You can access a ready-to-use template of the table here.
Most companies don’t think beyond this point. If the visitor wants pet insurance, and the website doesn’t offer pet insurance, the company dismisses the visitor as having been unqualified.
However the opportunity comes when you add the following two columns:
Columns 4 and 5 allow you to estimate the opportunity cost, revealing how you could increase your profit per visitor. For new products, you will have to estimate the value for Column 5. You can base your estimates on knowledge of your competitors’ sales; information from suppliers; sales figures from a trial run; or calculations based on the survey responses, making assumptions about conversion rates.
Why is it so important to increase the profit per visitor? Because for many websites, the key metric is the acceptable cost per acquisition (aCPA), which is how much you can afford to spend on acquiring each visitor. And that figure depends on how much profit you can generate from each visitor. So…
Of course, conversely, if your competitors can monetize your visitors better than you can, then there’s a good chance they can do the same to you.
(It might sound mercenary to talk about “monetizing visitors.” However, from a visitor’s-eye view, monetization tends to be a good thing; as a consumer, you’ll find that there’s a large correlation between the companies you like and the ones you give money to.)
The following methods may help you identify products and services that would satisfy your visitors’ intentions:
If your research reveals that you should be selling pet insurance, you don’t need to set up an insurance company overnight. The following process allows you to explore tentatively how you could offer a new product range. The steps are listed in terms of increasing risk and commitment:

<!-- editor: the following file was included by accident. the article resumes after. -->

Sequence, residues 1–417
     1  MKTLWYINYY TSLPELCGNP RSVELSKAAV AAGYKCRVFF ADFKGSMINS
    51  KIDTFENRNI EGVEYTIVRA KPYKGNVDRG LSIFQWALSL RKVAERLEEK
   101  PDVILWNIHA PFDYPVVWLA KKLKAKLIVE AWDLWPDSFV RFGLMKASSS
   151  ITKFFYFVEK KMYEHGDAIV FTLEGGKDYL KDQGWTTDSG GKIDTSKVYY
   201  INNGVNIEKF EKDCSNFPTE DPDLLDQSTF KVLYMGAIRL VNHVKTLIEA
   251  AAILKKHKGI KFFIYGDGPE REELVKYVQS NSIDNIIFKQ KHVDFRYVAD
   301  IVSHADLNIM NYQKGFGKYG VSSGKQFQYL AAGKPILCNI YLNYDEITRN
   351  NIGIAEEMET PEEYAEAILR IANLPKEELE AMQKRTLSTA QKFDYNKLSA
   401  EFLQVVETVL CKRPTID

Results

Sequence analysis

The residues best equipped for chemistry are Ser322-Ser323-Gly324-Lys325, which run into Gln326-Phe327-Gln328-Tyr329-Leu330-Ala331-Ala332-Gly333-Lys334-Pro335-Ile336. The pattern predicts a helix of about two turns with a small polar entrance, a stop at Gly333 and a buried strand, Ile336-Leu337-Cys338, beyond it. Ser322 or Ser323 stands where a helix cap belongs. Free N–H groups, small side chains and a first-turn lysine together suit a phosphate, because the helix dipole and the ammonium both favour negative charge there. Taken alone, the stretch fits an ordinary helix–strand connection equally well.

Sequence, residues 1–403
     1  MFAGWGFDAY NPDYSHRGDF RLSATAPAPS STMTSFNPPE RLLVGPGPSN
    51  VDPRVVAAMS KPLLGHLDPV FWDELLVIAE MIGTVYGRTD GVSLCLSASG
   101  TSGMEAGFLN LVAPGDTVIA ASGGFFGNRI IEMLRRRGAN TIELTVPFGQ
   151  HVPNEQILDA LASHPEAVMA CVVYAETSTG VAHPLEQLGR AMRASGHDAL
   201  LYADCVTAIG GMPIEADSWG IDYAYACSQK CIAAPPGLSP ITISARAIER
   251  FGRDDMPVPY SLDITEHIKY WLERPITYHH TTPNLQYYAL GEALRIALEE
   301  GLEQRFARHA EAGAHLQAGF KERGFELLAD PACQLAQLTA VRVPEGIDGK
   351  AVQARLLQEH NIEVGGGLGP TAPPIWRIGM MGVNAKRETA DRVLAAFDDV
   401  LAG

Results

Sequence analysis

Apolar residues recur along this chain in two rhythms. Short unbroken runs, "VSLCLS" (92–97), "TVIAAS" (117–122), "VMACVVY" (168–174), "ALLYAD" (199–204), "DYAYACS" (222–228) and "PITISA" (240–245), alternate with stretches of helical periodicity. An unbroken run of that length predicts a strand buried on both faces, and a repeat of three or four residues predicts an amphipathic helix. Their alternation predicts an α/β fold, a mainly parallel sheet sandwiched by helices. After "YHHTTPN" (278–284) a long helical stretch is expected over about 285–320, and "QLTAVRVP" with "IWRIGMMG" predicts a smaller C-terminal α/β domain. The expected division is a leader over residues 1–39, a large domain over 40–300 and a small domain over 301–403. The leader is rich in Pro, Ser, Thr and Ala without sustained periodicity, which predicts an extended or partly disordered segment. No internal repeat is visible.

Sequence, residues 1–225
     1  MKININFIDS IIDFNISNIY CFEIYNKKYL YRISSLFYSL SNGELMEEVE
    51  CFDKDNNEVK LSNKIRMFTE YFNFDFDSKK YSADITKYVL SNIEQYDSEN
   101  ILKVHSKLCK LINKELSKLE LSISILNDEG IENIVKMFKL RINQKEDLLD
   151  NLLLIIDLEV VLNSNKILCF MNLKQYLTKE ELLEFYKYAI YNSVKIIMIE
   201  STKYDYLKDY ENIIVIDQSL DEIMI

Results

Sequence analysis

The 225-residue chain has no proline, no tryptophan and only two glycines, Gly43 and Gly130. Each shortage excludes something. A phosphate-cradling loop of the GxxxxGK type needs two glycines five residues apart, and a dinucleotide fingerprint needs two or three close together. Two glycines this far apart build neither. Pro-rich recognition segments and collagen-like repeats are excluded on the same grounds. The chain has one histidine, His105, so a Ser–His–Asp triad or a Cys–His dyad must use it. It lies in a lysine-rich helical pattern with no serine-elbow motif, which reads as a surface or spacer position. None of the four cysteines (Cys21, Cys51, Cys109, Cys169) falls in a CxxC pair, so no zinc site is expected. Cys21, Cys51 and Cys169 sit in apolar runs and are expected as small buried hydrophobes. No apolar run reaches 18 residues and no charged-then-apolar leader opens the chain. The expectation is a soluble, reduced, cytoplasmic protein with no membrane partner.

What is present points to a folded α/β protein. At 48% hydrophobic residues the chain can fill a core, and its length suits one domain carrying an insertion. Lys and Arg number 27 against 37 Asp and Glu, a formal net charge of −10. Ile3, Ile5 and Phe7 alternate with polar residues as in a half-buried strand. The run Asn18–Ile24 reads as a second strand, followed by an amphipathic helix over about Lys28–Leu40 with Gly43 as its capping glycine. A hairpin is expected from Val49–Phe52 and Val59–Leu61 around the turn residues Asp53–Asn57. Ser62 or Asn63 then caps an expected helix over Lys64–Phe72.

We helped one of our clients, Morphsuits, to become the 18th-fastest-growing company in the UK. While studying Morphsuits’ analytics, we noticed that many visitors were searching for a type of suit that didn’t exist. Armed with the data, Morphsuits started manufacturing the new type of suit that the visitors were searching for, safe in the knowledge that there was zero risk in creating it. The new suit became a top seller. We weren’t surprised. We even knew approximately how many it would sell.
The Morphsuits team are extremely dynamic and have taken this principle far. Over the past few years, they have rebranded into MorphCostumes and increased their number of suits from 71 to over 300.
1. If you’d like us to work on your website—to dramatically improve your conversion rate and profits (like we did for all these companies), then claim your FREE website strategy session. On this free phone consultation, one of our experts will discuss your conversion goals and suggest strategies to double your sales.
2. If you’d like to learn conversion for free, go to our “Learning Zone” page, where you can download templates of million-dollar winning pages. Or, if you’d like us to build your company’s in-house capabilities (not for free), then contact us and we’ll discuss your requirements.
3. If you’d like to work for us—or see why our team members love working for us—then see our “Careers” pages.
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So far, we have helped to grow clients in 37 countries in 11 languages.
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Fax: 0870 838 1135